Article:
Derek Jarman: The Gardener

‘Returning to Modern Nature recently I was astounded to see how thoroughly my adult life was founded in its pages. It was here I developed a sense of what it meant to be an artist, to be political, even how to plant a garden (playfully, stubbornly, ignoring boundaries, collaborating freely)… Building a garden was Jarman’s characteristically energetic, fruitful response to the despair of what was, pre-combination therapy, a near certain death sentence. It was a stake in the future, and it led him deep into remembrance of the past, too.’ Olivia Laing

After discovering he was HIV positive Derek Jarman decided to make a garden at his cottage on the barren coast of Dungeness. Modern Nature is his journal of that time – a diary of the seasons as he battles to grow his garden and a meditation on Jarman’s life and past. 

If you haven’t been introduced to the genius of Derek Jarman yet, this is the place to begin, as he delves into his green-fingered childhood, his time as a young gay man in the 1960s, and his renowned career as an artist, writer and film-maker. At the heart of Jarman’s journal is his defiant spirit and almost renaissance-like fervour for the world around him. It is at once a lament for a lost generation, an unabashed celebration of gay sexuality, and a devotion to all that is living.


Derek Jarman: The Activist

‘Just 25 years after its partial decriminalisation, amidst the emergence of a terrifying new disease that predominantly, in the West, affected gay men, with religious, political and social damnation swirling, to write about being a gay man, let alone one who was HIV positive, was truly groundbreaking. It is hard to quantify how radical this book was and not just as a defence of gayness, but as an angry and unapologetic celebration of it.’ Matthew Todd

Derek Jarman was one of the first public figures to be openly HIV positive in Britain. He had always been openly queer in his work but, after being diagnosed, he took on a leading role as a campaigner against the prejudice that proliferated in Britain as HIV/AIDS, along with huge amounts of misinformation, began to spread. 

In At Your Own Risk, Jarman pulls no punches – this is a furious, unforgiving attack on the insidious and often explicit homophobia that permeated British society, from the government to the media to ordinary people on the street. He exposes unpalatable truths about how LGBT people were targeted during these years, as well as offering an unrepentant affirmation of gay mens’ right to life, love and sex. It’s a short, sharp shock of a book. 


Derek Jarman: The Artist

‘Who has not gazed in wonder at the snaky shimmer of petrol patterns on a puddle, thrown a stone into them and watched the colours emerge out of the ripplies, or marvelled at the bright rainbow arcing momentarily in a burst of sunlight against the dark storm clouds?’ Derek Jarman

Derek Jarman is remembered first and foremost as a film-maker and artist, although his creativity extended beyond those mediums until his life seem to be the embodiment of one long creative endeavour. Chroma is his most poetic and lyrical book, and in it he explores the use of colour in art, medieval paintings through the modernists, and in doing so draws on the great colour theorists from Pliny to Leonardo.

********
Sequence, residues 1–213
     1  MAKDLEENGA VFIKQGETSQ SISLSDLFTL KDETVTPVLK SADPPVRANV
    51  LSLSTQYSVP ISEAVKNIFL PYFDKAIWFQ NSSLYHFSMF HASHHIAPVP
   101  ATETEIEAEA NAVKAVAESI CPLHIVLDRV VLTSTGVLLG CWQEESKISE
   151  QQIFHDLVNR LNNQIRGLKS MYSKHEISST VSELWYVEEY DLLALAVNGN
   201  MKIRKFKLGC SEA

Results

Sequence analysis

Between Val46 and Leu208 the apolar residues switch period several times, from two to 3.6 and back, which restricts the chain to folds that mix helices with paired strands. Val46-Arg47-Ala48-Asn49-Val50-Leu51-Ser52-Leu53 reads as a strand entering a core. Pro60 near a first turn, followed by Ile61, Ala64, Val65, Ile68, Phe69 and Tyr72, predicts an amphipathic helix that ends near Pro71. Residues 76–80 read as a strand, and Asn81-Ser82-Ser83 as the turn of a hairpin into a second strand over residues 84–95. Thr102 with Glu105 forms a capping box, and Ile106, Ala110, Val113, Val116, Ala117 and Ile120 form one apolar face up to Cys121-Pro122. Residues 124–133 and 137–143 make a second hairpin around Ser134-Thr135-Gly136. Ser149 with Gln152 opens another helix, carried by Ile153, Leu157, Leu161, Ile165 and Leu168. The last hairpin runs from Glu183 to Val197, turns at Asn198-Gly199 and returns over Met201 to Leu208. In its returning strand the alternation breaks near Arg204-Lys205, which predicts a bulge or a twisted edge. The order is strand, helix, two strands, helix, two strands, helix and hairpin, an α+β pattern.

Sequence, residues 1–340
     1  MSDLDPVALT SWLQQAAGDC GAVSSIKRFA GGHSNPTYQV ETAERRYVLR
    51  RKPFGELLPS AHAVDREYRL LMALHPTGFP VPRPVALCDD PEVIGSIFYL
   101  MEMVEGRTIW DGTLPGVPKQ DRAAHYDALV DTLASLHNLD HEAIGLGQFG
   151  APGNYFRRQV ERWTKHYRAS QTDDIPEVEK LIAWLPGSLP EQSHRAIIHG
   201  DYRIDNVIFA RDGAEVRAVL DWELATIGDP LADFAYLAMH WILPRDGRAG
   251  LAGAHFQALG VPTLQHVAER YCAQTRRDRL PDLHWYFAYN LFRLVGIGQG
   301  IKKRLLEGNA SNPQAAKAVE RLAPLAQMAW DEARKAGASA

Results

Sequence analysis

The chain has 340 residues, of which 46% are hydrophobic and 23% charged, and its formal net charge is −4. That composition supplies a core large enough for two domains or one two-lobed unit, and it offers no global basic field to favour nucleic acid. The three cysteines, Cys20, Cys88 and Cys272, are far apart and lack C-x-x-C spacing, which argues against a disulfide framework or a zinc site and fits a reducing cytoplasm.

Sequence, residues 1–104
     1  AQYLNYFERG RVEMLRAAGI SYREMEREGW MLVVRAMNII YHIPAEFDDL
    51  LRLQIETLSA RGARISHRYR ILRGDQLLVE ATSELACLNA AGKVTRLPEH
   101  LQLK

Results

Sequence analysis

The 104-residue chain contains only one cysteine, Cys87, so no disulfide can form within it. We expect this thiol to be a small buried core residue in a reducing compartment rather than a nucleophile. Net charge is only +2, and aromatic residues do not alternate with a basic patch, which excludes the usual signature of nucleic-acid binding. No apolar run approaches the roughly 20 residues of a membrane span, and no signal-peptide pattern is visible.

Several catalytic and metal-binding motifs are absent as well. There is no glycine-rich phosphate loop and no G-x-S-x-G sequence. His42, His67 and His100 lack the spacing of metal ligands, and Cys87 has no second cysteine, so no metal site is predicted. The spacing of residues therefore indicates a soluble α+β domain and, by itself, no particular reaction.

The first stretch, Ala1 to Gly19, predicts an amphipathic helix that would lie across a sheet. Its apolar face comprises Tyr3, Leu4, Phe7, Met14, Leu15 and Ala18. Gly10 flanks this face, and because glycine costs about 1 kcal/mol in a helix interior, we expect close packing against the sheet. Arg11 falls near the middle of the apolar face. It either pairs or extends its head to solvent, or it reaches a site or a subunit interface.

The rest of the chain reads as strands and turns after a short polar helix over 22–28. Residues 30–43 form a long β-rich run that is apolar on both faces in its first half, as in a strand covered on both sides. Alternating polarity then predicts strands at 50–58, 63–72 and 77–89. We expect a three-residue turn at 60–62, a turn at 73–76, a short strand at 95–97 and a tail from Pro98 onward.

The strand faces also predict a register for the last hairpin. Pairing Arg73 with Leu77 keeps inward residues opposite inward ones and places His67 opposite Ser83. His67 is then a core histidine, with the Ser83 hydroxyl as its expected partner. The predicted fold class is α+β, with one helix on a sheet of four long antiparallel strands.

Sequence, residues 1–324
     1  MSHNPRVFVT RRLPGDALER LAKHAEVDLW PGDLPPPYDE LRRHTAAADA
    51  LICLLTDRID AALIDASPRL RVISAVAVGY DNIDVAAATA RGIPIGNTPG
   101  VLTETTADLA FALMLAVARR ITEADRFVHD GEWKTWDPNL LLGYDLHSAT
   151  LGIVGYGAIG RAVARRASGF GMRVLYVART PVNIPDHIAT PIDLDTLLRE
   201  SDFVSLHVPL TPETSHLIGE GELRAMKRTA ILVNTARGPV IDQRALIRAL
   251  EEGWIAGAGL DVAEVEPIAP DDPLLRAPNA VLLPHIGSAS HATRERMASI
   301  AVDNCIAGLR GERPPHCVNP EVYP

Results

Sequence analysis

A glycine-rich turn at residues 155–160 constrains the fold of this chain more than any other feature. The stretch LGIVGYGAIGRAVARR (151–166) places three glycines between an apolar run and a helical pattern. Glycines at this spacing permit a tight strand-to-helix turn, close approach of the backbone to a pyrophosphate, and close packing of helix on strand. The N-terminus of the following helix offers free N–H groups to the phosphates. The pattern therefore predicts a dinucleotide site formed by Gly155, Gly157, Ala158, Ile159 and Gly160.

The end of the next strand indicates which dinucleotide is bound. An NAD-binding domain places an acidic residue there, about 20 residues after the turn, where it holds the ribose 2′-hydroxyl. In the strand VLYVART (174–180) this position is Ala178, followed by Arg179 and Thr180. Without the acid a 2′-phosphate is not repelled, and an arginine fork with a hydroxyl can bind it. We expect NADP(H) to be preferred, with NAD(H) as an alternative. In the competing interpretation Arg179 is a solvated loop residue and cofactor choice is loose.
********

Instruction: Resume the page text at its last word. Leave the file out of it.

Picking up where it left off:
As ever, Jarman’s writing is interwoven with memories from his illustrious career and early life, along with reflections of his deteriorating health. Chroma was written a year before Jarman’s death and his eyesight was ailing at the time. It is an intensely personal work; a paean to colour from an artist seeking to memorialise its centrality to all aspects of his life.


Derek Jarman: The Diarist

‘As well as being a portrait of their author’s life and times these last journals also function as that true rarity amongst literary artefacts, a properly detailed account of what it actually feels like to love and live with another man… Many narratives from those terrible years of the plague are accounts of defeat; this one, surely, is a richly detailed account of a triumph.’ Neil Bartlett

In his final set of journals, Jarman details the facts of his daily life: from shooting new films, to clearing his bee hive, to attending AIDS activism meetings and increasingly frequent hospital appointments. Derek was determined to make the most of the time he had left, surrounded by scores of friends and his unwaveringly devoted partner, H.B. Smiling in Slow Motion is unique as one of the most comprehensive personal accounts we have of what it was like to live with HIV/AIDS when proper treatment was yet to emerge, but these painful details are offset, always, by Jarman’s witty, impassioned and vital prose.


Olivia Laing and Neil Bartlett will be in conversation at Tate Britain for a celebration of Derek Jarman’s life on the anniversary of his death, 19 February 2019.

Related articles

We use cookies on this site to enable certain parts of the site to function and to collect information about your use of the site so that we can improve our visitors’ experience.

For more on our cookies and changing your settings click here

Strictly Necessary


Preferences & Features

Targeting / Advertising